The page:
One sample of charcoal was radiocarbon dated to c.6632-6480 cal BC, and a cut-off antler tine yielded a date of c.6204-6005 cal BC (both at 95.4% probability). The 500-year difference between the two samples may be significant, as the midden was clearly stratified with deposits of shells interleaved with carbon-rich layers. The excavated portion probably represents only a fragment of what was once a huge shell midden, but at present we are unable to say if the site was continually occupied or was simply a favoured seasonal camping ground. Either way, though, these are highly significant results, the earliest radiocarbon dates yet obtained for the whole of the Black Isle, and they helped to inform the rest of the strategy for our excavations.
In fact, fieldwalking had identified the presence of six or seven shell middens, and in 2017 two were excavated. The first (Site 2B) lay at the foot of the former shoreline, less than 100m from the current highwater mark. A happy accident of topography made it inaccessible to modern ploughing and – in contrast to the field immediately adjacent, where agricultural activity had completely destroyed the midden (only a few scattered shells survived in the topsoil) – here auguring and limited test-pitting indicated that 2B had considerable archaeological potential.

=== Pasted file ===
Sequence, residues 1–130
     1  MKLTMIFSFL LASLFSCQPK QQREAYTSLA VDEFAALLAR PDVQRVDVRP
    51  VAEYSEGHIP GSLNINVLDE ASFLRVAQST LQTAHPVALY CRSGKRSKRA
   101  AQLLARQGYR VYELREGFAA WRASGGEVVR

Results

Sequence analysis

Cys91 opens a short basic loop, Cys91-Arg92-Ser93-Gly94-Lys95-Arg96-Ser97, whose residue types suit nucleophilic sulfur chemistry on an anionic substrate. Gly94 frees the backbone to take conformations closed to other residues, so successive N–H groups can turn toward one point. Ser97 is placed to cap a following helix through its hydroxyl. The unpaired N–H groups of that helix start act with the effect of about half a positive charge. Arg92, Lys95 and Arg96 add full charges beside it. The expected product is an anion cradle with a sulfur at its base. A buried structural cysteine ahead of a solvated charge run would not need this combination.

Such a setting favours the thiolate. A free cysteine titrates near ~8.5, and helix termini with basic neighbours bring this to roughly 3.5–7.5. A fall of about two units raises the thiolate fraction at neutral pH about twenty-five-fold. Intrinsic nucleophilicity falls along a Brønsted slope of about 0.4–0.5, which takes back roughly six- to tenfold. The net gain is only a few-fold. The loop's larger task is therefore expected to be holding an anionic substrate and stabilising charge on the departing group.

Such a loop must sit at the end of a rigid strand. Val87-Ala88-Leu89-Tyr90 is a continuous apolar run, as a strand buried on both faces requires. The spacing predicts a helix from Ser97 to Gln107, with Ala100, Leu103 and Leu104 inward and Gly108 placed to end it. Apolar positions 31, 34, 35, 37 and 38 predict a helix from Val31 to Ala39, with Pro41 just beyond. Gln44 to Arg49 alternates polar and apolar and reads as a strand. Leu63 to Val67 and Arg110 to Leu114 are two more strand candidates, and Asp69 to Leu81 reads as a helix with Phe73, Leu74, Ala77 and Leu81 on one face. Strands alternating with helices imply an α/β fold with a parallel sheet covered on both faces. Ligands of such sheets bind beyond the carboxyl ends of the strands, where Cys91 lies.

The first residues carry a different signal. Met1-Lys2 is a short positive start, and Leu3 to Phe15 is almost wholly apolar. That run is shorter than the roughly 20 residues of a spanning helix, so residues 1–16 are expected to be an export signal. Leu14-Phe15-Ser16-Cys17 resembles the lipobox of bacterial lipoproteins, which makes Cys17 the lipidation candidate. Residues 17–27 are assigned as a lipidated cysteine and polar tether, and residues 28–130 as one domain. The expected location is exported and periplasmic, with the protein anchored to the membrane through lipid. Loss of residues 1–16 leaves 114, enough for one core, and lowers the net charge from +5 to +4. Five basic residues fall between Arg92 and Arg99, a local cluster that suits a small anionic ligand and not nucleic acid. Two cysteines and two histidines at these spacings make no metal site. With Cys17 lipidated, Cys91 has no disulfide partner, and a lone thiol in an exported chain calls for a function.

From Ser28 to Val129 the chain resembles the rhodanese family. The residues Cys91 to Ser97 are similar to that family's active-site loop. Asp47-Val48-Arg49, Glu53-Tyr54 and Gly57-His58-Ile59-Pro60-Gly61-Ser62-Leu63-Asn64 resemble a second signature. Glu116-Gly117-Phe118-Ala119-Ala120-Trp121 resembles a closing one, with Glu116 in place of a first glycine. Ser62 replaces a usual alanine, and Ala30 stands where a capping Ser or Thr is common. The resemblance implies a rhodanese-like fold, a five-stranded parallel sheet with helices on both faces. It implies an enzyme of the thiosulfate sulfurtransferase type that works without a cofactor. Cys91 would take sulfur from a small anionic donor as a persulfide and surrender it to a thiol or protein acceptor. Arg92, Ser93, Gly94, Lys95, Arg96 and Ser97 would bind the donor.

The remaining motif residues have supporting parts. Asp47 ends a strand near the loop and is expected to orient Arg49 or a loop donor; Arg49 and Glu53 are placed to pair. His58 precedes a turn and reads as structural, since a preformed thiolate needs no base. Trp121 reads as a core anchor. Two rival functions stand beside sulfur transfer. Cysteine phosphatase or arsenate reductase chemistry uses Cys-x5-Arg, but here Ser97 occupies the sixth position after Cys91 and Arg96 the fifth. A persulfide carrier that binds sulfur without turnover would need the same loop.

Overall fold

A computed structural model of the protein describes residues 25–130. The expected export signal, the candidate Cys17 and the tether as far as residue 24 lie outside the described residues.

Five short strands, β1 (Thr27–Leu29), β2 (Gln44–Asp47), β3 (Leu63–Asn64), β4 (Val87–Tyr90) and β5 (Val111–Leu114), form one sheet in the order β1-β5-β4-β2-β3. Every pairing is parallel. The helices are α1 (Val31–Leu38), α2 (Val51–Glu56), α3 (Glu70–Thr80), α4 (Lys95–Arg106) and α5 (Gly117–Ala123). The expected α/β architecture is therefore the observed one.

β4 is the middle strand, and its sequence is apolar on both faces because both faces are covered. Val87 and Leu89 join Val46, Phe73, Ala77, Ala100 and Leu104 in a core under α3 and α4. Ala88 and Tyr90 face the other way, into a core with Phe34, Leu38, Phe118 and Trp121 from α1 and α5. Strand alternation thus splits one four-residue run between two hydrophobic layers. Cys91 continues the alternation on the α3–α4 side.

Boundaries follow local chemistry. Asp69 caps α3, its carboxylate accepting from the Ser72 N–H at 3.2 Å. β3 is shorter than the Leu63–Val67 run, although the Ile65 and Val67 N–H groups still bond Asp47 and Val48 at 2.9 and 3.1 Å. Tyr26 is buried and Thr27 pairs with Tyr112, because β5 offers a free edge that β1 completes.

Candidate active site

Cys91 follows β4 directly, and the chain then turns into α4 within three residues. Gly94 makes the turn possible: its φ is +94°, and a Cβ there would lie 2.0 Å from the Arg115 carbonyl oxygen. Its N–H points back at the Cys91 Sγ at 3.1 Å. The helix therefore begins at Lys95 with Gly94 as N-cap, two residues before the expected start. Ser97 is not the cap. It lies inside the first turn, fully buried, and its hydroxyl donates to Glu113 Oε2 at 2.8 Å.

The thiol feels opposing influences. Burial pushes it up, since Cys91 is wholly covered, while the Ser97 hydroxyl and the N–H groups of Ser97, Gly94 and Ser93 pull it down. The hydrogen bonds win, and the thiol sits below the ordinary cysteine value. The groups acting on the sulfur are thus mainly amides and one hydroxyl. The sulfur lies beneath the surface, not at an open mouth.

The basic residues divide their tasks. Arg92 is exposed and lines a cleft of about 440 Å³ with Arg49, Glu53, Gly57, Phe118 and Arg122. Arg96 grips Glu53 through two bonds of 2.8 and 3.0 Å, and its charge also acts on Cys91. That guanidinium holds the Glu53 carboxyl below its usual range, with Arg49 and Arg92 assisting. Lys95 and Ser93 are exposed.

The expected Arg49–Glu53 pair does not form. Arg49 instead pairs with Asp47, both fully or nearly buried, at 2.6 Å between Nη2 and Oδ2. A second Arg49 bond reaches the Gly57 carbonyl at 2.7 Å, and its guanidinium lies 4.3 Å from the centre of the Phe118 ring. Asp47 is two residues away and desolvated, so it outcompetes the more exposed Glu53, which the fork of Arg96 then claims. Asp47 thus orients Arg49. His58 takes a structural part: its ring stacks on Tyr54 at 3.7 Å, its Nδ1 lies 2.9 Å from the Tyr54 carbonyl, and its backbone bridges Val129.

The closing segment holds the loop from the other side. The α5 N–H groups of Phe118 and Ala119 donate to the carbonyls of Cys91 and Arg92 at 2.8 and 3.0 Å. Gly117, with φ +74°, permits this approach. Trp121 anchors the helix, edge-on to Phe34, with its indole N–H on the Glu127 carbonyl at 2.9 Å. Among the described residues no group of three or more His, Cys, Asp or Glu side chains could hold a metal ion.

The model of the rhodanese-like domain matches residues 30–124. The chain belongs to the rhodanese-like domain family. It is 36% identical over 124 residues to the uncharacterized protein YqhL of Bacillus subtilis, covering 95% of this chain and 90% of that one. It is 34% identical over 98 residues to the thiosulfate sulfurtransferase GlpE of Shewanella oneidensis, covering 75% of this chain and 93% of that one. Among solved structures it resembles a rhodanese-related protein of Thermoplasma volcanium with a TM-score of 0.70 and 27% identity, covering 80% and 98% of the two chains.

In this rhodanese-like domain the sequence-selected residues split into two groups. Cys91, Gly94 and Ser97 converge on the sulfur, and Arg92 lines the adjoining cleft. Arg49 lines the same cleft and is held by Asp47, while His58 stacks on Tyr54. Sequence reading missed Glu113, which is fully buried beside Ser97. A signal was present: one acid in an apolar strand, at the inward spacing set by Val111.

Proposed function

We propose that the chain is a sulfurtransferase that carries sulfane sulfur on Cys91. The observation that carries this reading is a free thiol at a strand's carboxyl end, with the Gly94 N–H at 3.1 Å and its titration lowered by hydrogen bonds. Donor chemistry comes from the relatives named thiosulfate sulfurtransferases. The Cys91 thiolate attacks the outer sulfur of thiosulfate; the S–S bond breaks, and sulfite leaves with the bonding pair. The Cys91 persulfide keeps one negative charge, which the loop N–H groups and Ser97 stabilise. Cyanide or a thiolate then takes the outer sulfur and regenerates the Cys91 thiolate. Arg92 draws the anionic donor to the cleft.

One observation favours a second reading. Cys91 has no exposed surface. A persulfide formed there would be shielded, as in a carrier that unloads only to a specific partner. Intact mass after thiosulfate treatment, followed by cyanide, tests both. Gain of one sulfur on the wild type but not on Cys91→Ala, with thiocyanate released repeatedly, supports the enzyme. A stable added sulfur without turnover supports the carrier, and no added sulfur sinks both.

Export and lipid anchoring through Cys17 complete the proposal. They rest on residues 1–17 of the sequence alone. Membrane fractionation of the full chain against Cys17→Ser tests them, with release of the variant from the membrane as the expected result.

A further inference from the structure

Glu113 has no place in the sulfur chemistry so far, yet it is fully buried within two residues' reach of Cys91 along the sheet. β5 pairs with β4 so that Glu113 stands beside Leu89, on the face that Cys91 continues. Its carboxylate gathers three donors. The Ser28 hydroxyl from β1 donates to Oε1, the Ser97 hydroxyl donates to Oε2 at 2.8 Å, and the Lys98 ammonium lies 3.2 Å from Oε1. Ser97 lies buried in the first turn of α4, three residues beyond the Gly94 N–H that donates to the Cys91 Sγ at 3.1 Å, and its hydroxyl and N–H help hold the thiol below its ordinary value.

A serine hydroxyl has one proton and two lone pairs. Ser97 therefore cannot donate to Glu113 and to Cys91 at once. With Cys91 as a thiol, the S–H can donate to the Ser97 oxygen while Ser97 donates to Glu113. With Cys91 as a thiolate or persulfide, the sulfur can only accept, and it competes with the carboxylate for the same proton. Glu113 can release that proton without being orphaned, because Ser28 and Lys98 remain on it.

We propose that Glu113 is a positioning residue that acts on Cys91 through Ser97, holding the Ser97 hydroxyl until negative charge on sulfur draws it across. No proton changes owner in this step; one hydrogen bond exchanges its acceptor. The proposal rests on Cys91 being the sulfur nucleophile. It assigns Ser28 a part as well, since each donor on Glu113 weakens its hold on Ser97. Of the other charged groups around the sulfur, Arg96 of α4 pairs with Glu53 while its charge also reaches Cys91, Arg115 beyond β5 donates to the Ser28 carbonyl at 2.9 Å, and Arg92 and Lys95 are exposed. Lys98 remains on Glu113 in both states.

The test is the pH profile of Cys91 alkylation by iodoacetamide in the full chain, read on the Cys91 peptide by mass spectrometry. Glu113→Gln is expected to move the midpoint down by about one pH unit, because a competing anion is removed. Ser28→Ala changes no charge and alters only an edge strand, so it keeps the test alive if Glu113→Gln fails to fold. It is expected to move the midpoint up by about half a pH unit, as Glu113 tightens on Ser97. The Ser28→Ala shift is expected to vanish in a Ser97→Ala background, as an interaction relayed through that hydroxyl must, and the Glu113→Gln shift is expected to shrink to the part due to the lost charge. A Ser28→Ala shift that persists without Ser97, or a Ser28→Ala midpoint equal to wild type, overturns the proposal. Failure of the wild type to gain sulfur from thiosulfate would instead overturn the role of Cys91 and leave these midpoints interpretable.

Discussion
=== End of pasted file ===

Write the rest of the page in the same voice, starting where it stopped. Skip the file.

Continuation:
We were not disappointed: removal of the thin topsoil quickly exposed a relatively deep shell midden that was carefully excavated by metre squares. Analysis of the shellfish species provides a pleasing link with the present: they are mainly oysters, mussels, cockles, and periwinkles, all found in the Beauly Firth today. Shell dumps like these are thought to represent food waste discarded close to where the hunter-gatherers were living. Other refuse of this kind included the bones of mammals, birds, and fish – but the star find among the midden’s contents was a piece of worked antler. Excavation of the shell mound had hardly begun when this large fragment began to appear, to great excitement, and there was even more excitement when it was realised that it had a hole drilled through it.